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Anybody Can Do Anything (Betty MacDonald Memoirs #3)

4.26 of 5 stars 4.26  ·  rating details  ·  369 ratings  ·  38 reviews
One would suppose that during the Depression there wasn't much to laugh about in America. But one would be wrong. This book takes up Betty's story before she'd had any success as a writer - when she went back to live with her mother. With a failed chicken farm and marriage behind her, Betty was desperate to make a living in a country without any jobs. Luckily she had her s...more
Published April 1st 2005 by George Mann Books (first published 1950)
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Ginny Messina
Not only do I love this book, but I love my copy of this book. It was published by The Book Club at 121 Charing Cross Road, London W.C2 in 1951 and was the property of the Garrowhill Post Office Library in Scotland. (Thank you paperbackswap!)

This covers the period in Betty MacDonald’s life that falls between The Egg and I and The Plague and I, and takes place during the 1930s. It’s funny like all of MacDonald’s books, and also very cozy. Leaving behind her husband and her lonely life on an isola...more
Sep 04, 2007 Stephanie rated it 5 of 5 stars
Recommends it for: anyone who is out of work
When you're looking for work (and as a freelance writer, that's nearly 90% of the time), you need to stay positive. Betty MacDonald's ANYBODY CAN DO ANYTHING is a surefire cure for the job blues. It's her account of scrounging for work during the Depression, when she was newly divorced with 2 kids (in 1929, no less!) and went back home to Seattle to live with her wonderfully large, zany family.

All of Betty's books -- including The Mrs. Piggle-Wiggle series -- hold a special place in my heart. Sh...more
Barbara Mader
I'm surprised this isn't already in my list, as I've read this several times. I find Betty MacDonald's autobiographical books compelling on a variety of levels. I don't know whether, had I known her, we would have been friends--I'm not certain I would have trusted her, and she probably would have found me dull. Nonetheless, I admire her writing, I am fascinated by her descriptions of people and places, and in this book I get the bonus of reading her experiences in Depression Era Seattle.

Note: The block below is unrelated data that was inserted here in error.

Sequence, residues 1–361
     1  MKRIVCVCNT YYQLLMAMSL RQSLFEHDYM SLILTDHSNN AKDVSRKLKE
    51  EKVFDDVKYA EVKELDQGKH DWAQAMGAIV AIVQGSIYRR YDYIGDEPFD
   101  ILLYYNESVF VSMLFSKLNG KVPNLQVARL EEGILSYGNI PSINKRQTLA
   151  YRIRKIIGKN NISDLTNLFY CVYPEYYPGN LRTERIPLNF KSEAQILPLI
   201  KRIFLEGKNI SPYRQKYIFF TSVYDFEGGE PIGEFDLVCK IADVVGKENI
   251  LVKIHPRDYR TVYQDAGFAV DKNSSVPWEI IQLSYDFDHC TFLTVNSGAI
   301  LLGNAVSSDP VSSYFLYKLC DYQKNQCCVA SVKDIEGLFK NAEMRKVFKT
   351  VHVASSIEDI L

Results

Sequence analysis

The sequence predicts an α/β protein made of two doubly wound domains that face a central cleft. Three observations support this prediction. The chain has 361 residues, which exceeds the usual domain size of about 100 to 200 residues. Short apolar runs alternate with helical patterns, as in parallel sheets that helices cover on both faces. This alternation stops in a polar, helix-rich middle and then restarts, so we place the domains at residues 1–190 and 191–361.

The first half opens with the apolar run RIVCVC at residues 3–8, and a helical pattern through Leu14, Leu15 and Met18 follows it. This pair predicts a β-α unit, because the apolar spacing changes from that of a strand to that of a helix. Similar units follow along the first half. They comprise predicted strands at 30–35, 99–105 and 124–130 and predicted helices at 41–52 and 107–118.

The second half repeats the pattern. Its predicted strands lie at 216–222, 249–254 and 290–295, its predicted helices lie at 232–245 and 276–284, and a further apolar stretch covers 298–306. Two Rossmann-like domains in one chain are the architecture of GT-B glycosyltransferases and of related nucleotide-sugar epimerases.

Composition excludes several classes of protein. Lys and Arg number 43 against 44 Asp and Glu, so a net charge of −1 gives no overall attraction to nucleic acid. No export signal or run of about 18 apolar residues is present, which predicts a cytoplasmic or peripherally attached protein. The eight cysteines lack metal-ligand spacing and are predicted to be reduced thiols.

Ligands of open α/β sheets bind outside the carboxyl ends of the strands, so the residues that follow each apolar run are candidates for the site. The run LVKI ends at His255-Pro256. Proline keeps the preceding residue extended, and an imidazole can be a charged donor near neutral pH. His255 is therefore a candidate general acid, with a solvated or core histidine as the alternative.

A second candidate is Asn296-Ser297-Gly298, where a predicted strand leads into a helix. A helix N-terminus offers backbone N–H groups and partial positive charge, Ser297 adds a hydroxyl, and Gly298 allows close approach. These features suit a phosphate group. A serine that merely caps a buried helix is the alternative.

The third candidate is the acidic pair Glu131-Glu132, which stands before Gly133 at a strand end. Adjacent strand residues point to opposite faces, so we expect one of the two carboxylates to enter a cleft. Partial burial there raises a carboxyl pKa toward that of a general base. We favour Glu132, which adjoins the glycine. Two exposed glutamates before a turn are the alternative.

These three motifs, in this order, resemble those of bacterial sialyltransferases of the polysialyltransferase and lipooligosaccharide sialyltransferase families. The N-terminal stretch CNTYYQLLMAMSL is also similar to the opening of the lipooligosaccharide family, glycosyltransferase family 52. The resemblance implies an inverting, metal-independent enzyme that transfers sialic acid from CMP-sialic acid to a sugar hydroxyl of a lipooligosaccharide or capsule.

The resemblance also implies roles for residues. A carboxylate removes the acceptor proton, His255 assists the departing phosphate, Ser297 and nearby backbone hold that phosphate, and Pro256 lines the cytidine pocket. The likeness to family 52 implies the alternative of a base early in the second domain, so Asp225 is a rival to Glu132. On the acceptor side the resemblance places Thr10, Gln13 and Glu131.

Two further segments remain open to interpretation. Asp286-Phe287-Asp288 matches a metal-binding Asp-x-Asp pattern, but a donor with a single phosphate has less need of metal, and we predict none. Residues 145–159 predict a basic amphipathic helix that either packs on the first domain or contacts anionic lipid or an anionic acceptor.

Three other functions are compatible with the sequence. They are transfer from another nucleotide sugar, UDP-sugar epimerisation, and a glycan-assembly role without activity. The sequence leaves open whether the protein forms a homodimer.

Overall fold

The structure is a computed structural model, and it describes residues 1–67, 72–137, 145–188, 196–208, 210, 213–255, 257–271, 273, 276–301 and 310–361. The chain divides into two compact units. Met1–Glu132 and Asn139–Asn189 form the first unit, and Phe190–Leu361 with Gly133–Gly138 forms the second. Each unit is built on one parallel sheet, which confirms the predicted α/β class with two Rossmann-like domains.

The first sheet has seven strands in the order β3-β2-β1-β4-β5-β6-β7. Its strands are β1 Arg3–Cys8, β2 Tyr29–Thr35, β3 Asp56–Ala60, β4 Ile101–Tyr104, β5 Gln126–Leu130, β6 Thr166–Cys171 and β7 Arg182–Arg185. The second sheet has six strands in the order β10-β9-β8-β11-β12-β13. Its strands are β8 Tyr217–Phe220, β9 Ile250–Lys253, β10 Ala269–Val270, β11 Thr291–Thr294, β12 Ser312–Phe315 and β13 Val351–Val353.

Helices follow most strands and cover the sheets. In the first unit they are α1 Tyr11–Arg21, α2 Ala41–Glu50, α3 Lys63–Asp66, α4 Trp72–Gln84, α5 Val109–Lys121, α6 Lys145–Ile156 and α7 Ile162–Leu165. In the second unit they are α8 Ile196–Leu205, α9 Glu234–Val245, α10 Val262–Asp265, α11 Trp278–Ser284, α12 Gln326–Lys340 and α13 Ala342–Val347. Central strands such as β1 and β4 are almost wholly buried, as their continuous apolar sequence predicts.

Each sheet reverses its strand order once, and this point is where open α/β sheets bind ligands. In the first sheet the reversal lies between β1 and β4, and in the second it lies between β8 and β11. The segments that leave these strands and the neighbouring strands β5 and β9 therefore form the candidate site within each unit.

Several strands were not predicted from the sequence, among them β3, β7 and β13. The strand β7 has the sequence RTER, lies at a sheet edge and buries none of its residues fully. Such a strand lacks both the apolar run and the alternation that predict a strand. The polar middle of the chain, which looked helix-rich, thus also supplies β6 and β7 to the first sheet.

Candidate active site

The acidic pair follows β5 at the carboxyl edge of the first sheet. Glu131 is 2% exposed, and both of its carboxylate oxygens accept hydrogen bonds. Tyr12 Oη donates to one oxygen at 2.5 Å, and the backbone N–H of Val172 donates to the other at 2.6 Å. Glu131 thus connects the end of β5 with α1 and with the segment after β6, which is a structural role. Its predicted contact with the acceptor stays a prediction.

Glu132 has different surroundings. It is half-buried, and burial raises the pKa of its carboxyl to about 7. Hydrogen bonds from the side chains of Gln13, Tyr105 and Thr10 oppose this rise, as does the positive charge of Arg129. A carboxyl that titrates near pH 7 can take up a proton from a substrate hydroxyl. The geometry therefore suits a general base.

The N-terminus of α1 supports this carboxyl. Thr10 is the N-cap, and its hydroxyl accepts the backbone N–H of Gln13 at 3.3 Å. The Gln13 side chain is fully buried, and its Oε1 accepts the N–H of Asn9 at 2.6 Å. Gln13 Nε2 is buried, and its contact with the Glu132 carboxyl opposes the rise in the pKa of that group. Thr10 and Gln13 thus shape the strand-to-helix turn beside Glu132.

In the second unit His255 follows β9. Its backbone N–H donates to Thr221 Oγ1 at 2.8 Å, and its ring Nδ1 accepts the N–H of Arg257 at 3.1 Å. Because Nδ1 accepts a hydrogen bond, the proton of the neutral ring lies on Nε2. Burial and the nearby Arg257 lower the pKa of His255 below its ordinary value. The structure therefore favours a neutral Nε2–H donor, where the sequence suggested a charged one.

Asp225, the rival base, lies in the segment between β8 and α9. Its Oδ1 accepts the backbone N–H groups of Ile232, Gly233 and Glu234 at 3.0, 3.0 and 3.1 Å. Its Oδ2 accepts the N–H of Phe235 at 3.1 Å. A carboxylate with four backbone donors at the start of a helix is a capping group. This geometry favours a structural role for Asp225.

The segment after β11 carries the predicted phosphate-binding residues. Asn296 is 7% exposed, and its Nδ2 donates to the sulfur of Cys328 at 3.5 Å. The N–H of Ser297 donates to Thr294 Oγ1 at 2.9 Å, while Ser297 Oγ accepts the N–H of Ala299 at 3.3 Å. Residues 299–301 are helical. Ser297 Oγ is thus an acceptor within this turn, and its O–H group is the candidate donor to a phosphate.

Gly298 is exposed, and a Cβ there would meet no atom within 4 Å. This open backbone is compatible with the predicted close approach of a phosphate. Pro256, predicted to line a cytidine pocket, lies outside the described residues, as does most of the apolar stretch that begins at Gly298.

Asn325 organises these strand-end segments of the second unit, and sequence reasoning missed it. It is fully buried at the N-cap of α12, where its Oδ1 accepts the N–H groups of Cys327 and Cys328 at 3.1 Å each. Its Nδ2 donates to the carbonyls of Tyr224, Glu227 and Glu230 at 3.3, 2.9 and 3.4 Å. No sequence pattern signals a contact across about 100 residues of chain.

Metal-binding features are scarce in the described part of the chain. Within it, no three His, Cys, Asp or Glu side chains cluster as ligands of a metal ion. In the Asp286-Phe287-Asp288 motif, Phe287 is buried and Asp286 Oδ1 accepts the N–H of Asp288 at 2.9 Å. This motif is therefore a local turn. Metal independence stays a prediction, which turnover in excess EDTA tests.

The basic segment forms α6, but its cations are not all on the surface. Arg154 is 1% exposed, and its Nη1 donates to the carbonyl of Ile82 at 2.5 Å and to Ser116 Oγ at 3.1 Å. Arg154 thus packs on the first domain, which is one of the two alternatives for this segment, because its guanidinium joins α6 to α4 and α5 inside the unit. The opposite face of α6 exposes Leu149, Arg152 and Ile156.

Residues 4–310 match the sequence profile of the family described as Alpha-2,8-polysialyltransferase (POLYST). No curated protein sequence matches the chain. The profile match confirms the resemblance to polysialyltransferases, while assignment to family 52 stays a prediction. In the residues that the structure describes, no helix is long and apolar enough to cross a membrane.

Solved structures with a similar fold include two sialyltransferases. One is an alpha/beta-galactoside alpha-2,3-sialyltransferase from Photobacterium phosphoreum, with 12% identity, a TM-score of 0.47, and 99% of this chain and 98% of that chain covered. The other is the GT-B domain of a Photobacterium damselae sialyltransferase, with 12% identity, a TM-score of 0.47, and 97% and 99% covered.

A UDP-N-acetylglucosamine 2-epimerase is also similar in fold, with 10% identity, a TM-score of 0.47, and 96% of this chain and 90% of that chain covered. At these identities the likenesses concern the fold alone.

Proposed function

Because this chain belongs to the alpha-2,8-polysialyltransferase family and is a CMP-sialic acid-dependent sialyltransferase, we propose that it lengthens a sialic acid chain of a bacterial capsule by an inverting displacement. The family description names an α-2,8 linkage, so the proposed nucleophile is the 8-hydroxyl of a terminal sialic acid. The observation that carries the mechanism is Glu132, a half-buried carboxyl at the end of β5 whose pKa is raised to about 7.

My favor...more
Lucie Novak
I loved this book as well as her other ones, starting with The Egg and I.
The funny thing is that in Czechoslovakia, almost every reading woman of my generation read those books several times, and all my friends still quotes from them. When I emigrated, we put books in boxes for friends to post to us, serious literature, Czech or translations from other languages than English- we knew the English language books will be available in England or USA where we were going to emigrate.
But picking one bo...more
Rachel Terry
I loved the Mrs. Piggle Wiggle books growing up, and my kids have loved them, too. But this book was so fun because MacDonald wrote it for adults. It's a memoir about her life with her family during the Depression. Her older sister Mary was always getting strange jobs for family members and reminding them that "anybody can do anything."

I think what I liked most about this book was the funny descriptions of people. Here's an example: "Clara, a little blonde dressed in yellow, was so sallow, so na...more
V. Briceland